Graduation ceremonies are held at many schools in Japan in March, and it is common to see people wearing ‘hakama’ at this time of the year. In particular, college students often wear ‘hakama’ to their graduation ceremonies. A pant-like garment worn over the kimono and on the lower half of the body, the ‘hakama’ is an indispensable piece of traditional clothing for Japanese men. Since ancient times, men in Japan had worn pant-like garments that split into two separate halves. This gradually evolved into what we now identify as the ‘hakama,’ which has been passed down as part of Japanese tradition throughout the country. In particular, the ‘hakama’ is a formal attire for men that is widely worn at special events such as coming-of-age ceremonies and weddings.
Besides men, women also wear ‘hakama’ on occasions such as entrance and graduation ceremonies. This tradition is said to be a remnant of the Meiji period (1868-1912), when women wore ‘hakama’ as their school uniforms. Although it is rare to see women wearing ‘hakama’ to school these days, the custom of wearing them at graduation ceremonies and other formal school events remains deeply rooted among women today. Boots were also popular in the Meiji period as a result of the influence of Western culture, and even today, you will still see some students wearing boots instead of wooden sandals at their graduation ceremonies.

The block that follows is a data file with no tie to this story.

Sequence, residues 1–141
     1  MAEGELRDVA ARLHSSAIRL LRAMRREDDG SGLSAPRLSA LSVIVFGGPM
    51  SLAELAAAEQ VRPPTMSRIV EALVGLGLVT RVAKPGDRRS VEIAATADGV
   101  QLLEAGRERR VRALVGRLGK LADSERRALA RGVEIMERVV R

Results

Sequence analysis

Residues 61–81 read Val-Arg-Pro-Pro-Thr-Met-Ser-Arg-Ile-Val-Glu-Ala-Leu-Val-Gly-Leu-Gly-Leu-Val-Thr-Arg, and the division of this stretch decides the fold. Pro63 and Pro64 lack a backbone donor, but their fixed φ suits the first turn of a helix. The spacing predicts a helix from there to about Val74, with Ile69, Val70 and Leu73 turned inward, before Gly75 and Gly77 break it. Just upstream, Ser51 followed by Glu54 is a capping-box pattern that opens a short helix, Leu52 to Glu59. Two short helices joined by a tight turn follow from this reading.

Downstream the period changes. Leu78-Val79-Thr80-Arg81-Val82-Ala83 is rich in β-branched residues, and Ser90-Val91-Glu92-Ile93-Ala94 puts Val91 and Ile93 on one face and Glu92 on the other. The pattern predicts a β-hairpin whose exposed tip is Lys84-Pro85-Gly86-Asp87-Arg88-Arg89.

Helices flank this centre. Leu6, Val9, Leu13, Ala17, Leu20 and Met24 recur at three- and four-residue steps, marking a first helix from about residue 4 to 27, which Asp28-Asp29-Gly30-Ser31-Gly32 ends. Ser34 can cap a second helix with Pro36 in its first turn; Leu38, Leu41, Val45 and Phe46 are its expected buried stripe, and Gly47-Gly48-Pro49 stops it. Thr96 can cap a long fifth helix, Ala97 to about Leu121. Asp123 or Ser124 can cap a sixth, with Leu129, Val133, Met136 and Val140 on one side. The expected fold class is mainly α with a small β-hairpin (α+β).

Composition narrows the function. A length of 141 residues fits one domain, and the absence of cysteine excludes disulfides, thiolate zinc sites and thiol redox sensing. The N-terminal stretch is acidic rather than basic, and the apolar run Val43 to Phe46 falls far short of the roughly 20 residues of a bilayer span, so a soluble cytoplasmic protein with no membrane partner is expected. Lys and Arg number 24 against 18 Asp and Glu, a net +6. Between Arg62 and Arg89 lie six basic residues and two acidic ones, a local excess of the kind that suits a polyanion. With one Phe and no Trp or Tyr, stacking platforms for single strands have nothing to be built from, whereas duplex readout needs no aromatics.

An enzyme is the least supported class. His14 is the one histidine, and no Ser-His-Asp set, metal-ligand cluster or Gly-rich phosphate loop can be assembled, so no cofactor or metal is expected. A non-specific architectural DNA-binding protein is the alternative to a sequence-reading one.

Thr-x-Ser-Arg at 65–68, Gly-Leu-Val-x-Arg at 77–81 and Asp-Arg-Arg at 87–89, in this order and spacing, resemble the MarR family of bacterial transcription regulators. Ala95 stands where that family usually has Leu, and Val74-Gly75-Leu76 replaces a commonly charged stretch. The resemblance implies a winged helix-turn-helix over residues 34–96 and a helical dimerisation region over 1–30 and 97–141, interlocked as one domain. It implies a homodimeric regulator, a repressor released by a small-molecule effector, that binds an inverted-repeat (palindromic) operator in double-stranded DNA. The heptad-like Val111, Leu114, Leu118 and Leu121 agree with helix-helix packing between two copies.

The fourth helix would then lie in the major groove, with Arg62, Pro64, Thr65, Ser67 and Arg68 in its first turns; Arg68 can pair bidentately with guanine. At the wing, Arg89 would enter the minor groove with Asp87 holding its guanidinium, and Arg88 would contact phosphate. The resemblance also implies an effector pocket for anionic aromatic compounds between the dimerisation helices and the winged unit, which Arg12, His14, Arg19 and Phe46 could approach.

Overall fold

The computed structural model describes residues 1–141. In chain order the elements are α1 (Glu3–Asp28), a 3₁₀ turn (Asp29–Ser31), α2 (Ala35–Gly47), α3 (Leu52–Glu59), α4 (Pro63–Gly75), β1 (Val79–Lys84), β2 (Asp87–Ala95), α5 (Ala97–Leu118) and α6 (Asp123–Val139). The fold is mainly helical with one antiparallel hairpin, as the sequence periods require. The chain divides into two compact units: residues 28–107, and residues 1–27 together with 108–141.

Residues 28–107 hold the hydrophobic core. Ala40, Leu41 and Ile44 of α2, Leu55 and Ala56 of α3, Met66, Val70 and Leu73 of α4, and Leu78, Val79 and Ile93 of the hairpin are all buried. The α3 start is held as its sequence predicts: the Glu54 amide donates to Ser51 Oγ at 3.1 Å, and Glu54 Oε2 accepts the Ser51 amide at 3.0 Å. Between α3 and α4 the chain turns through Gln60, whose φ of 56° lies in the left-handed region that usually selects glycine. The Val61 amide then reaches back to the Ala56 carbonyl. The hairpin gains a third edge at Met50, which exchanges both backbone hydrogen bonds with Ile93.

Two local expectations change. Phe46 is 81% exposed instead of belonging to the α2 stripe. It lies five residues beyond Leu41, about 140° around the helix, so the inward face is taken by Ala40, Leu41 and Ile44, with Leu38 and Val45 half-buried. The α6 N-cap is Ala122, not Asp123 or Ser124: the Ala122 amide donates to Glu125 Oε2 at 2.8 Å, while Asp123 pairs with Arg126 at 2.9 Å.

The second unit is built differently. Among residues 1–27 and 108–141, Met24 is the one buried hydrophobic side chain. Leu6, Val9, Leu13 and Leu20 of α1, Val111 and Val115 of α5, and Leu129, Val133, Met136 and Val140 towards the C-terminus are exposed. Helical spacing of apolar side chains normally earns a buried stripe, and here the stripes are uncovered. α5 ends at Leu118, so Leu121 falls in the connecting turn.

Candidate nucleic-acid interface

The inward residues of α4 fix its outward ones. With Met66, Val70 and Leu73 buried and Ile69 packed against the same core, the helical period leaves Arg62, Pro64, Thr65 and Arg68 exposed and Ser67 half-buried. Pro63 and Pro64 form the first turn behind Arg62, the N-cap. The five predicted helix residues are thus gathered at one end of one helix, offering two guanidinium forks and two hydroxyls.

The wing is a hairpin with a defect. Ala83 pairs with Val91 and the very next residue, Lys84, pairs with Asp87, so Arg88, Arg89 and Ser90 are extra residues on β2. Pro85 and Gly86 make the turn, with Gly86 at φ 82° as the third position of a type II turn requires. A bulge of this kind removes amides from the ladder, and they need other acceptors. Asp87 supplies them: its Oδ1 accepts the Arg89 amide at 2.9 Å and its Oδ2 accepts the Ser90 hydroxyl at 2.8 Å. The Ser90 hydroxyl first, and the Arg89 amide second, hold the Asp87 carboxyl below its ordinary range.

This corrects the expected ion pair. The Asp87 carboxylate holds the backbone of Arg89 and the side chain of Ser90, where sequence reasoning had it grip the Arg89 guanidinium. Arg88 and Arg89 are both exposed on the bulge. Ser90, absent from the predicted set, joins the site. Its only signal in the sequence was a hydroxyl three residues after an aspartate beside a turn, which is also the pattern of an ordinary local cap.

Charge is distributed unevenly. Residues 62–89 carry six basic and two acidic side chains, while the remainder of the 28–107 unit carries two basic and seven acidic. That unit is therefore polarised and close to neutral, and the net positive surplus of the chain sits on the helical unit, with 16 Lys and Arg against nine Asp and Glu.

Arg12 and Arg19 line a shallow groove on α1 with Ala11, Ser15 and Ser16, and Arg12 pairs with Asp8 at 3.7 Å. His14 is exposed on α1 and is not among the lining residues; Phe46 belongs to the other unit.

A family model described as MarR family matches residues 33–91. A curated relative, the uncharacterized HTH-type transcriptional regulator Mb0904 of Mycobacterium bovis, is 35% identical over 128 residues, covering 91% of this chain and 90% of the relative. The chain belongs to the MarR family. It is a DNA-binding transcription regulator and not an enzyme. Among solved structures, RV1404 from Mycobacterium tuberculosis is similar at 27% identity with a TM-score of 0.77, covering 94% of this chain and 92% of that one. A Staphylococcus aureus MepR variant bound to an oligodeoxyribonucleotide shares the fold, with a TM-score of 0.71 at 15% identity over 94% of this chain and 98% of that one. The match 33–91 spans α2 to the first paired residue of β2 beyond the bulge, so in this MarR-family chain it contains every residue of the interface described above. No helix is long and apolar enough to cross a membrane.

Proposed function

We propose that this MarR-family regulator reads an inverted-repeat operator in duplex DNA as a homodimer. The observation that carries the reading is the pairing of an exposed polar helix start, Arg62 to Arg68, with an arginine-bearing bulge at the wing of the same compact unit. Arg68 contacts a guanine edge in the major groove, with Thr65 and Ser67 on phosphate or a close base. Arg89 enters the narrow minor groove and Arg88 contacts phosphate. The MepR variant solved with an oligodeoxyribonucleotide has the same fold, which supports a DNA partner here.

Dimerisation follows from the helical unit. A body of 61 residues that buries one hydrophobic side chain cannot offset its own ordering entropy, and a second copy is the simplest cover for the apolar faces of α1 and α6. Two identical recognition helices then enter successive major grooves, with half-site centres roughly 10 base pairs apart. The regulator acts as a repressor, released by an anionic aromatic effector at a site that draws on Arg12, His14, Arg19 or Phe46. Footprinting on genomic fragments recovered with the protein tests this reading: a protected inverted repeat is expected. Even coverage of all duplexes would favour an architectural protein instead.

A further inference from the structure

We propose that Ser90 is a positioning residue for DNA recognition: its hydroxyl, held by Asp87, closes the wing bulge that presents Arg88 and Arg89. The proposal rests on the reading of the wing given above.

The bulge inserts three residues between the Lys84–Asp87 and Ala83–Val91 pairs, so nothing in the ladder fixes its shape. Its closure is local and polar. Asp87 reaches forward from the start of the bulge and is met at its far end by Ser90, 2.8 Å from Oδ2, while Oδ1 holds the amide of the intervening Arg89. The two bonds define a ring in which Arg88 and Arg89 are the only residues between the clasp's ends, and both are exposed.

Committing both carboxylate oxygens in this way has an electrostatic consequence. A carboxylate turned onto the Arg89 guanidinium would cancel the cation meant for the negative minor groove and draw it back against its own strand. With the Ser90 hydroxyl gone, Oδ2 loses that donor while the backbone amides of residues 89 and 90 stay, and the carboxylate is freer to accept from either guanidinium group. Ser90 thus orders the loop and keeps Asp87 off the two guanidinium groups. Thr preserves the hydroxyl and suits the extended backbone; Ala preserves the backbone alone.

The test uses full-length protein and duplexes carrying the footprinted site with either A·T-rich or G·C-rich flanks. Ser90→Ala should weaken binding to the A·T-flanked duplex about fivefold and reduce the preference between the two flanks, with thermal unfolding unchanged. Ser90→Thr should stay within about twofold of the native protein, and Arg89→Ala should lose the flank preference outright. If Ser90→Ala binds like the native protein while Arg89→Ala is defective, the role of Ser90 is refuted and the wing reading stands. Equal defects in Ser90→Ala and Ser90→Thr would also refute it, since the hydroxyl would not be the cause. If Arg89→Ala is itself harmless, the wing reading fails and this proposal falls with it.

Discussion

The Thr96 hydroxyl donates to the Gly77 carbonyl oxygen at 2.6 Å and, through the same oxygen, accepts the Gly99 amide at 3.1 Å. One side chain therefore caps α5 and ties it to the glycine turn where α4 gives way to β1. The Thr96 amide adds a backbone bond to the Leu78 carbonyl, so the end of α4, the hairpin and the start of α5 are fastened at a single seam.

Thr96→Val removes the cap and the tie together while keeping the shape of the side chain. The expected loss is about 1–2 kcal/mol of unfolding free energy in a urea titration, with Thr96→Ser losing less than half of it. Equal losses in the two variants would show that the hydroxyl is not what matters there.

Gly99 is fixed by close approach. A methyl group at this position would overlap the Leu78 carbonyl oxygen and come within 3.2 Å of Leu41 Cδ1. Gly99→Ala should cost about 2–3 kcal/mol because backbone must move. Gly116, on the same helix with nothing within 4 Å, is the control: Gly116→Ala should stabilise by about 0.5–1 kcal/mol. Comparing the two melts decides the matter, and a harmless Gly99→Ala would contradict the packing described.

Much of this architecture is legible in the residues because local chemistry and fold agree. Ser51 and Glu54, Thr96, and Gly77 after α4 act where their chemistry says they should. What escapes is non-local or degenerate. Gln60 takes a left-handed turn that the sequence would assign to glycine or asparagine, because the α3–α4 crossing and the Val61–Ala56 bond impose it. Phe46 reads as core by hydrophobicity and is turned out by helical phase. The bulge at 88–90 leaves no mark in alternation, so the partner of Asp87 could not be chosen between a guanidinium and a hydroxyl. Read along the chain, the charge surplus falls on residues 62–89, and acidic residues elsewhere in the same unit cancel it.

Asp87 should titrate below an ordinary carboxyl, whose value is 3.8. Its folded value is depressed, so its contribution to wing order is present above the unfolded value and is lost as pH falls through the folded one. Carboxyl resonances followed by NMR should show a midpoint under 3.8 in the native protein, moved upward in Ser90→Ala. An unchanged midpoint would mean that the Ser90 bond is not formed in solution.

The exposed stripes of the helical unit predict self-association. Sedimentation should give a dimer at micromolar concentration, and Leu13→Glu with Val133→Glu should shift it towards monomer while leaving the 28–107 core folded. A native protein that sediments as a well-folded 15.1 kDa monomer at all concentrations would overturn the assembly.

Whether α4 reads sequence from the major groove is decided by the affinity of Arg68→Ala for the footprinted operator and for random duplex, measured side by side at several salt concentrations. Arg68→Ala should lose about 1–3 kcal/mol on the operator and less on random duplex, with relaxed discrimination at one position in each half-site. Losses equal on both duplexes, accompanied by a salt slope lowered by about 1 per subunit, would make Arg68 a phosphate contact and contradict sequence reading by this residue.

There are stores in Taito City where you can rent a ‘hakama.’ You can try renting it at HANAKA or Aiwafuku. In fact, a photograph of you wearing a ‘hakama’ in Asakusa or other uniquely Japanese spots will make a wonderful souvenir!
Click the following links if you wish to know more about HANAKA or Aiwafuku!